SP1 means Service Pack 1, basically it's more stable than when it was first released. Here's a better explanations:

Windows 7 Service Pack 1 (SP1) is an important update that includes previously released security, performance, and stability updates for Windows 7. SP1 also includes new improvements to features and services in Windows 7, such as improved reliability when connecting to HDMI audio devices, printing using the XPS Viewer, and restoring previous folders in Windows Explorer after restarting.


Edited by nesto1000, 04 August 2012 - 12:06 PM.

CPU: Intel Core i7 2600k Motherboard: ASRock Z68 PRO3 GEN3 Ram: CORSAIR XMS3 16GB HDD: ADATA (Micro Center branded) 64GB SSD, WD Caviar Black WD7501AALS 750GB GPU: XFX HD-577A-ZNFC Radeon HD 5770 PSU: COOLER MASTER Silent Pro M600 RS-600-AMBA-D3 Case: COOLER MASTER RC-690

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#3 rotor123

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Posted 04 August 2012 - 12:10 PM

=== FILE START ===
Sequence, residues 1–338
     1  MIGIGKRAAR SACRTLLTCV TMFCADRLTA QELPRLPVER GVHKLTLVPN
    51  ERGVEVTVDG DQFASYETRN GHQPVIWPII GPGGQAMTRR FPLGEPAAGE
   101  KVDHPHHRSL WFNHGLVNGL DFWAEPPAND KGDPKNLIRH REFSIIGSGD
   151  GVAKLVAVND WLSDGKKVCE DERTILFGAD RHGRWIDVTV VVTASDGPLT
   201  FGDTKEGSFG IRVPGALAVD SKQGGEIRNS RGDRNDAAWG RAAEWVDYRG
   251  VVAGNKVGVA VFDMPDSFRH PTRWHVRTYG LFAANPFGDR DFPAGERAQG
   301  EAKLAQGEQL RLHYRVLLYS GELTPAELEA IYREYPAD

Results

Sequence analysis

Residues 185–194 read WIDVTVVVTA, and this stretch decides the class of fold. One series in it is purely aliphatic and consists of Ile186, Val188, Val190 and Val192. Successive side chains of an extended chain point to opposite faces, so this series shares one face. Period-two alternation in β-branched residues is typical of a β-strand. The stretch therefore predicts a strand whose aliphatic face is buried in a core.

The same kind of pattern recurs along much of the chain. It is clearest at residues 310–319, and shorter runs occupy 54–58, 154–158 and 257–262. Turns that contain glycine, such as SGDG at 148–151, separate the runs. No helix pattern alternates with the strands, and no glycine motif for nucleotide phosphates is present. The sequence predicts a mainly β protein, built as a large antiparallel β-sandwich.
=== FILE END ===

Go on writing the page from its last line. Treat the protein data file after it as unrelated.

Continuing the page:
Personal opinion is to go larger on the SSD to at least double the 60Gb you listed. Then get a Intel 520 series or a Samsung SSD. If you do decide to use the OCZ be sure to read all the users reviews.

Good Luck
Roger

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#4 crackjuice

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Posted 04 August 2012 - 05:09 PM

yeah like i said the SSD is ONLY for my OS and maybe 2 0r 3 of my favorite games. will be getting an HDD within a week of building this. and im using pcpartpicker(newegg, microcenter, amazon, an superbiiz.)

Edited by crackjuice, 04 August 2012 - 05:10 PM.


#5 nesto1000

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Posted 04 August 2012 - 05:17 PM

yeah like i said the SSD is ONLY for my OS and maybe 2 0r 3 of my favorite games. will be getting an HDD within a week of building this. and im using pcpartpicker(newegg, microcenter, amazon, an superbiiz.)